The second and equally troubling thing that I saw on Thursday was the Curuá-Una dam.  After traveling another 50 KMs from the second school we arrived at the dam that supplies 100% of Santarém’s electricity.  Built more than 40 years ago, Curuá-Una is the primary reason that the electricity cuts out in Santarém with such frequency (it can’t meet the city’s demand).  When we arrived at Curuá-Una, we met one of the dam’s superintendents who spent a solid 10 minutes telling us why the dam’s horrendous environmental impact (including extensive deforestation and species-loss) isn’t that big of a deal.  “Apparently”, in 1973, when they were building the dam, “the environment wasn’t at the front of people’s minds” and thus the negative environmental effects of the dam are “fine.” (just about the most half-baked logic I’ve ever heard).  Given the fact that the Brazilian government is planning on building the largest dam in the western hemisphere some six hours away in Belo Monte (which will have massive environmental and human costs…more on that in the next few weeks)…it’s pretty obvious that attitudes haven’t much changed.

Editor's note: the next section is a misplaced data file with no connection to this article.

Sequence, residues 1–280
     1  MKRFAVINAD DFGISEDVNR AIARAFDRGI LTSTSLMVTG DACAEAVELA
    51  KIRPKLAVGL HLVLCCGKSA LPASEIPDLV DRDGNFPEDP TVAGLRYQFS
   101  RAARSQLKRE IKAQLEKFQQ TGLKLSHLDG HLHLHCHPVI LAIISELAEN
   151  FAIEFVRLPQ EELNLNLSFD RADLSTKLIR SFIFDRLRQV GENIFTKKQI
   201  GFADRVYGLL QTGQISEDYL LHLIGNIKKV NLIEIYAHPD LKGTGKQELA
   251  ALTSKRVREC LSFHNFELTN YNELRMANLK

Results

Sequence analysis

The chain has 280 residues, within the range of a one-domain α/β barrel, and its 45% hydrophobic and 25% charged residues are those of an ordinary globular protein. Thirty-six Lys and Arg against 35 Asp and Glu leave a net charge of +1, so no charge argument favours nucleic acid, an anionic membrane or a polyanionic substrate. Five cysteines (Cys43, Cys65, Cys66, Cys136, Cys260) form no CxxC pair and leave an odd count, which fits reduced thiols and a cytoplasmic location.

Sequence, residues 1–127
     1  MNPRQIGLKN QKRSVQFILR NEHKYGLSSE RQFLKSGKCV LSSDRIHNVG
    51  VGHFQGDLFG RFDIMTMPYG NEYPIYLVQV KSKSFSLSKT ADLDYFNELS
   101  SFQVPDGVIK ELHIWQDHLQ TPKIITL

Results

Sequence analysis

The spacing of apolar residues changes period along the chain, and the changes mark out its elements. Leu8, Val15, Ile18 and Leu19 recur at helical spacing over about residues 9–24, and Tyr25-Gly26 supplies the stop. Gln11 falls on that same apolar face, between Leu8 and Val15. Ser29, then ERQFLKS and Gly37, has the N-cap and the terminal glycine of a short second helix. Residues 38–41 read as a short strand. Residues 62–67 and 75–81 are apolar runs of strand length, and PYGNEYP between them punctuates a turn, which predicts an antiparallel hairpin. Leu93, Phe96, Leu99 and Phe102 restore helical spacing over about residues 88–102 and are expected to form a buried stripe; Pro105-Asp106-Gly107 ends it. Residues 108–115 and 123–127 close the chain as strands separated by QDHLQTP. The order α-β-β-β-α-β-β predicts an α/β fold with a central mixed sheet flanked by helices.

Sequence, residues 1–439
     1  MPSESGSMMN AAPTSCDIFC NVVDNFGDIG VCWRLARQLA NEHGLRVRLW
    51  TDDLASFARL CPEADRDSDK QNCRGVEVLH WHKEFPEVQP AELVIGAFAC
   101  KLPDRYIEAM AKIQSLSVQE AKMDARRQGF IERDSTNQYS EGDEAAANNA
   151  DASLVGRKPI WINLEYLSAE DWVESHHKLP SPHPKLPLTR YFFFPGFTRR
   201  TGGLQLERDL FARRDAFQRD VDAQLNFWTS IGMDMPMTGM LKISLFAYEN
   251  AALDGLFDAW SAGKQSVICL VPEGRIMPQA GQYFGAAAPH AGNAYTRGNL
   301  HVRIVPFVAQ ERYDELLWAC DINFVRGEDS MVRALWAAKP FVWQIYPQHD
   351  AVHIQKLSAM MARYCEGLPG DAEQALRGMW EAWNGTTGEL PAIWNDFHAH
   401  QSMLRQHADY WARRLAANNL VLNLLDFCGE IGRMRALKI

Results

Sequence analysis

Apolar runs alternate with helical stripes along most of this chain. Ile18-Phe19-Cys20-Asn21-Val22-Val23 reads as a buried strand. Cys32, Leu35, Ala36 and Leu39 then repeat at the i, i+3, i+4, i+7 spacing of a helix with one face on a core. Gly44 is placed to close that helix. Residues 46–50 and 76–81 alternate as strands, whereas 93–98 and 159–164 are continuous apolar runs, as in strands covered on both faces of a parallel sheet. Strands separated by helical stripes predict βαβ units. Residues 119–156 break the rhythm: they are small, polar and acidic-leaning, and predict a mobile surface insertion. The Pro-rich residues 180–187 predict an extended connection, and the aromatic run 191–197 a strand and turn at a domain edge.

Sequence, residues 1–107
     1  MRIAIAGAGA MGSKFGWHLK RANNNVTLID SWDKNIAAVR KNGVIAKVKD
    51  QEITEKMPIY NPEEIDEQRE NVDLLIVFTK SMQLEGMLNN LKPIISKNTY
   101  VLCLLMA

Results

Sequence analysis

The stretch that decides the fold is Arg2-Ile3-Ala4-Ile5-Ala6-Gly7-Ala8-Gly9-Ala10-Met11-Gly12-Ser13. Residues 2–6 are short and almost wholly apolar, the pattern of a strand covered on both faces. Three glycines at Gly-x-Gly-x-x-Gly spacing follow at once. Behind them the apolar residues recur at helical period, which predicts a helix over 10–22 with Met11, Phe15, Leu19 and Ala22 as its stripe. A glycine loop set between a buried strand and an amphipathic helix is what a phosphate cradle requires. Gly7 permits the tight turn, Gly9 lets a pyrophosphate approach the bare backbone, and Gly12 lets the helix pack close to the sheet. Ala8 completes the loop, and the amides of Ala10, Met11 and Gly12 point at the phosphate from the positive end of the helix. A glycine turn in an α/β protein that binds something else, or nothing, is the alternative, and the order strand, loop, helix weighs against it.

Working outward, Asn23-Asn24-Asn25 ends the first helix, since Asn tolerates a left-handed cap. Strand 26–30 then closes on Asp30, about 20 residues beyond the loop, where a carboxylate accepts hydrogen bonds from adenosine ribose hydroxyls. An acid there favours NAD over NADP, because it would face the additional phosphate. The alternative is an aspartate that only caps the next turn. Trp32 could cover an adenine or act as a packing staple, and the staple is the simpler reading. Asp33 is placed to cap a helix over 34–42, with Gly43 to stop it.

Both the humanitarian and environmentalist in me give big, fat thumbs down to the whole situation…

Other happenings:

  • Last couple classes of the semester this week…WOAH…how did that happen?
  • Santarém’s 351st birthday is this Friday.  Word on the street is that it’s going to be one big, giant party out on the riverfront…should be fun.
  • Things have been closing up early at UFOPA recently because of the strike…apparently the professors are expected to continue striking until August.  Schweet. Credit to Valdenildo for standing up to the students and telling them that if they want to keep boycotting his class…they’re going to fail.  I talked to him last week and he said “you know…wouldn’t it be a much better message to send to the powers that be if the students were actually going to class and demanding to be taught?” Spot on Val.